Rebalancing California’s interests against the interests of foreign shippers includes using the ports’ logistical assets to support reshoring of critical manufacturing industries that align with U.S. “super preferences” for domestic technology and the recently invoked Defense Production Act to accelerate clean energy manufacturing.

“We believe that worker solidarity, unionism, and robust collective bargaining are key to achieving a better life,” said Frank Ponce De Leon, ILWU Coast Committeeman. “It is crucial that the privately operated terminals at our publicly-owned ports provide economic security for every worker who moves cargo and support the communities that endure the inevitable downsides of shipping, like traffic and infrastructure costs.”

In a typical year, 13,000 workers are employed on the San Pedro Bay docks, some full-time, others part-time. There are roughly 19.5 million hours of work moving cargo through the ports, with wages of roughly $1.2 billion for this work.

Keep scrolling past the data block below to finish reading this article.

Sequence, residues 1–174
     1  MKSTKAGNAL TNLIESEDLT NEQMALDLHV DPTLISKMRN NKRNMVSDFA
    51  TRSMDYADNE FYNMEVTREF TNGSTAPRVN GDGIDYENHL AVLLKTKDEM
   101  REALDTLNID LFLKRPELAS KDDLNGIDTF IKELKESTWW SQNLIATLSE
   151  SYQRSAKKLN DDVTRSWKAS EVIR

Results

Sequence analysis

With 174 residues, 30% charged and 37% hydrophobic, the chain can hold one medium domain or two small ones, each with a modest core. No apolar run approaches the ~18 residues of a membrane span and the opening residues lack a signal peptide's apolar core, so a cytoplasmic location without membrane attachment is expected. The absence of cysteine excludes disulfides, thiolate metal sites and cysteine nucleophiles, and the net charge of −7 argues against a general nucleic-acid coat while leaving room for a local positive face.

The average hourly wage for all hours worked in the ports in 2021 was $62.44. Dockworkers perform high-value-added work and a strong union represents them. They are well paid and bring significant economic benefits to their communities.

Non-port businesses and their workers benefit from the household spending of dockworkers, which supports an additional 7,065 year-round jobs and $1.376 billion in sales.

The International Transportation Forum found that the productivity of automated ports is 7-15 percent lower than for non-automated ports. Automation, however, enables foreign shippers to deliver their products to American consumers without relying on American dockworkers.